He felt instant relief when it dawned on him that he must be looking at someone’s German shepherd dog. A big German shepherd, sure, but it wasn’t a coyote and the markings were similar to a German shepherd he’d seen ages ago.
“Someone must have dumped you, huh buddy?” Joe chuckled and leaned back in the seat. “Damn, boy. Or girl. You about scared a decade off me.”
For one fleeting second, he wondered if it was a wolf, but Joe discounted the idea. Once there’d been red wolves in the area, but they’d been extinct for a long time. At least they had been from Texas. He vaguely remembered hearing something on a TV show about them having been raised in captivity and freed elsewhere.
As far as he knew, there weren’t any other wolves native to the area, so that had to be a dog, he reasoned.
It walked out to stand in front of the truck. Joe shivered as he looked into the dog’s yellow eyes.
“Ah hell, I must be more messed up than I thought.” Joe rubbed at his eyes before giving the dog another look. His stomach did a weird flip. “German shepherds have some red on them, don’t they?” He racked his brain trying to recall, but all he came up with was a black and tan dog.
“That’s it. I’m totally wasted and seeing things.” What else could it be when that dog was grinning at him? It was, too, he was sure of it.
Normally, a few tokes and a few beers didn’t do much more than make him relax. “Guess I got some good stuff, or bad stuff, or something. Bad beer. Shoulda checked the expiration…date…” he trailed off, because that dog put first one big ol’ front paw then the second on the hood so that the critter was staring straight at him. “Oh shit.”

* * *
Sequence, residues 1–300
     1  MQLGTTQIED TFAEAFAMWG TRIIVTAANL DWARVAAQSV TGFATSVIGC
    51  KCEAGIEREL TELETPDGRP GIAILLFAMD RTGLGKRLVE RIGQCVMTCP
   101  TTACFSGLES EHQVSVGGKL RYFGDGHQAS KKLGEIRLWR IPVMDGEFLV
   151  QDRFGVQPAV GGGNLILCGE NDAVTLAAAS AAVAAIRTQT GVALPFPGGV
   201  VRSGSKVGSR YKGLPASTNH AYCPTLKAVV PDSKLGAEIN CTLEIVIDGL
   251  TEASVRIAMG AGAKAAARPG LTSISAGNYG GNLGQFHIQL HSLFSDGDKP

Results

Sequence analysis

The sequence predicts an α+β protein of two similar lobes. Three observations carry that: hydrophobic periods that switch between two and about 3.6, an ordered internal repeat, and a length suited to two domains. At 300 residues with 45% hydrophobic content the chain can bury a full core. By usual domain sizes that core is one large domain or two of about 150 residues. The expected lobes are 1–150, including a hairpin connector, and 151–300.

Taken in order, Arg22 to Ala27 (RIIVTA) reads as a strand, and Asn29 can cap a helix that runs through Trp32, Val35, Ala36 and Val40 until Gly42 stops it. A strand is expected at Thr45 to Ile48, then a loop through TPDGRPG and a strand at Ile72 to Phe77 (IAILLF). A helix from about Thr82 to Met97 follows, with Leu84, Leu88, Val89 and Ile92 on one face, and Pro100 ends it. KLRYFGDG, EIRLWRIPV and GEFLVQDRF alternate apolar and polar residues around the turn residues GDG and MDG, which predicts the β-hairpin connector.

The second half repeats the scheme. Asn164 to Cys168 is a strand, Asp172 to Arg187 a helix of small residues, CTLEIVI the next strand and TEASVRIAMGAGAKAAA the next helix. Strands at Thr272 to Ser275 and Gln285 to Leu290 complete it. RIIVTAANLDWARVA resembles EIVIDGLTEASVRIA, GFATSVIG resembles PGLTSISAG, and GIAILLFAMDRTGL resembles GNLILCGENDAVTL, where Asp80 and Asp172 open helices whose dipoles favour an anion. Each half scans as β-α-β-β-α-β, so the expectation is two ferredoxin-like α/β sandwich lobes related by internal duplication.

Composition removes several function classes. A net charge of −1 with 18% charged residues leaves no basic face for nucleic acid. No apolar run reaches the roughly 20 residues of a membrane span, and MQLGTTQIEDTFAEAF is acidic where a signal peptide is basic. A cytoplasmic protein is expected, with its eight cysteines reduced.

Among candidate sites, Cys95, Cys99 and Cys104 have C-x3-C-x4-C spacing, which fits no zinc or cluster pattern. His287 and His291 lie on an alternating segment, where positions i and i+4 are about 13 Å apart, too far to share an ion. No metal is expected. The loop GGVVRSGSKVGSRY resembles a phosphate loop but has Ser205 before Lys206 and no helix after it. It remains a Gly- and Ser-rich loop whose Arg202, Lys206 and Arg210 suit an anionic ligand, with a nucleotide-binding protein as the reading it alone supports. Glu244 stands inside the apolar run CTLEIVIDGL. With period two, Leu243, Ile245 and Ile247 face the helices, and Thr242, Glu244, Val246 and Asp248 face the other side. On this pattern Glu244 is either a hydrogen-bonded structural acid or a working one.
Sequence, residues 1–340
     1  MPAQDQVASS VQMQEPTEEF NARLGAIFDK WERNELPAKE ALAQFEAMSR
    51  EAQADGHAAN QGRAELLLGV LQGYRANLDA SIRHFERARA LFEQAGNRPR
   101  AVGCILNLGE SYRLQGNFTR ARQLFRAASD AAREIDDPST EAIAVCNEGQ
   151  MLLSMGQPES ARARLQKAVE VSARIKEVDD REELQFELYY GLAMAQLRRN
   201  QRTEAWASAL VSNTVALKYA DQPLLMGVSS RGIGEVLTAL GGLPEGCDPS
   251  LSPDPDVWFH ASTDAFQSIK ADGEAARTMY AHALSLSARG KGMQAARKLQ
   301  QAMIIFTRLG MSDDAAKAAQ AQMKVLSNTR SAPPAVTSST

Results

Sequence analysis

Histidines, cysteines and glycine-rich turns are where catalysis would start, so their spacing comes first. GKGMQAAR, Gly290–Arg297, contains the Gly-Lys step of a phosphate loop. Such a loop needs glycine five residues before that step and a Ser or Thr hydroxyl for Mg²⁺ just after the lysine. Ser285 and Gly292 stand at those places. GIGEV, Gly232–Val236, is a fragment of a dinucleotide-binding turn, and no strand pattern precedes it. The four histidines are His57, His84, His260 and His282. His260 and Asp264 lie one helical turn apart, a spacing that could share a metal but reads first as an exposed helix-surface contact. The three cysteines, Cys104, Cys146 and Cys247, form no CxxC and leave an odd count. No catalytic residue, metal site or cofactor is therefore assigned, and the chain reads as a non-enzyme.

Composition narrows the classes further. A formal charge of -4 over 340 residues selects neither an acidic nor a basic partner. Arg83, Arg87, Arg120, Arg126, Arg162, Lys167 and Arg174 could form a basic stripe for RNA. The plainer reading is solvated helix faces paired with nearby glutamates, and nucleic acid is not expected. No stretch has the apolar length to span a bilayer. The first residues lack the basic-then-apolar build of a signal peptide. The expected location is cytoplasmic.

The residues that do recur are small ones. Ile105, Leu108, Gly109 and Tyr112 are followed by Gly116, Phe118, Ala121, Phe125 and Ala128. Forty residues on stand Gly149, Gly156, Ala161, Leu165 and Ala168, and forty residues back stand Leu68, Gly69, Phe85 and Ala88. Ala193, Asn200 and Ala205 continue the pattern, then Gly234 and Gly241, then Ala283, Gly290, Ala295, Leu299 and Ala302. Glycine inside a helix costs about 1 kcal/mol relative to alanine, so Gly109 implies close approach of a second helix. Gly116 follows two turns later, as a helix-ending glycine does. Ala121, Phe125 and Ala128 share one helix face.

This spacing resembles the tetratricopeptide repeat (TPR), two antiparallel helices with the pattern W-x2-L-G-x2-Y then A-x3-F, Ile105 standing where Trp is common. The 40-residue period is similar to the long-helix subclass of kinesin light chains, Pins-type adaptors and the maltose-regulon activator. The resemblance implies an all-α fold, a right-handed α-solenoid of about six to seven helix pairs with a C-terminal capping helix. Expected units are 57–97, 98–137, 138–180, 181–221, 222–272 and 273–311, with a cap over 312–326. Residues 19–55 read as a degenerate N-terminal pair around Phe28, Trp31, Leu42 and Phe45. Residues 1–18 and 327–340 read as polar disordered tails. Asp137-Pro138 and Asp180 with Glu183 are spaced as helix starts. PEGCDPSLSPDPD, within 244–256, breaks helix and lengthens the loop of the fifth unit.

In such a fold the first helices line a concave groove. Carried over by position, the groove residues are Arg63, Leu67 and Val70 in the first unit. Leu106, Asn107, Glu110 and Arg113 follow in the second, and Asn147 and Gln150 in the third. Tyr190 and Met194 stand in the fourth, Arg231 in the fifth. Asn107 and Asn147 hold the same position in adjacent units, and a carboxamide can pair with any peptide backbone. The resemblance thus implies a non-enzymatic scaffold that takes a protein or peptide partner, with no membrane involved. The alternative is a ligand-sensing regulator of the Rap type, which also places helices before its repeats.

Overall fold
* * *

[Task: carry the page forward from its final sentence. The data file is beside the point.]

Joe slapped at the horn, remembering too late that it had quit working weeks ago. “Those are some fuckin’ freaky eyes, dog.” They were really yellow. “Aw, now what’re you doing?” he asked, whining just a little when the dog leapt and there it was, the big burly maybe-not-a-dog-after all, pushing it’s nose against the outside of the windshield.
“No, no, no, don’t do that, you’re getting the glass all slimy.” He gawped as he got a look at the long, sharp canines. “Uh, okay. You just lick until you’re all licked out, bud.”
Something kept him from putting the truck in gear and driving off. One, it went against Joe’s nature to hurt anything, except for flies and mosquitoes. Those were such nuisances that he could get over his embarrassingly squeamish and okay, soft-heartedness, and off those little bastards.
But anything else? Trent had to handle it when any of the cattle needed to be put down, or when there was butchering done for their own freezers. Joe just didn’t want to mess with that part of it all.
And there was a reason he didn’t have a dog. Once Roscoe died, his heeler he’d had throughout most of his childhood and into early adulthood, Joe hadn’t been willing to have his heart broken like that again.
So he didn’t want to hurt whatever the hell was on his truck, dog or hallucination or some coyote or extinct wolf. “Besides, it ain’t real. Probably.”
But Joe did flick on the windshield wipers, knocking them into the spray position.